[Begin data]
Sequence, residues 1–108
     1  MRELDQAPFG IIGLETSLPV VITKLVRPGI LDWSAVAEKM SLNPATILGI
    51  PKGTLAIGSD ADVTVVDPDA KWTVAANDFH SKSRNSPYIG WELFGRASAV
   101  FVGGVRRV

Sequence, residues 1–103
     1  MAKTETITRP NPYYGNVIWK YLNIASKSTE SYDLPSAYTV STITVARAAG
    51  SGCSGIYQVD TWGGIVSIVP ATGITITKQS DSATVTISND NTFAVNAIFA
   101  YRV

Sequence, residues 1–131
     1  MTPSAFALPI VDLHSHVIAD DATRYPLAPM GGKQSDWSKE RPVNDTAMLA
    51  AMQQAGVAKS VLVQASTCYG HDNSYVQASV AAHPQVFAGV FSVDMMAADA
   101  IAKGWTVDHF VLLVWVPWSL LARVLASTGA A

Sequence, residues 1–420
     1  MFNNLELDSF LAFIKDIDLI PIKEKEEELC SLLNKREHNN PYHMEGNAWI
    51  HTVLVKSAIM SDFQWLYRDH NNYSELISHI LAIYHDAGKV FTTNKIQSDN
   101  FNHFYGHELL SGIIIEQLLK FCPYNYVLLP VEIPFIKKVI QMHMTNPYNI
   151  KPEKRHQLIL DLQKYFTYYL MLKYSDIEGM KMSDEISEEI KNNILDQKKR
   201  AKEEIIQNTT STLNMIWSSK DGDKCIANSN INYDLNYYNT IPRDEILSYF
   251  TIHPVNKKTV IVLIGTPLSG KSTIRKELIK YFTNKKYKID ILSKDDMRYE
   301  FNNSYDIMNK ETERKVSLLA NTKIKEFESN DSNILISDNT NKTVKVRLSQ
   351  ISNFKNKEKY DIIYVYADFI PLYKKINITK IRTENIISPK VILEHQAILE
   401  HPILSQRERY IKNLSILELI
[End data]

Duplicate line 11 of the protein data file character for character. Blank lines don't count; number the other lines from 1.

    51  AMQQAGVAKS VLVQASTCYG HDNSYVQASV AAHPQVFAGV FSVDMMAADA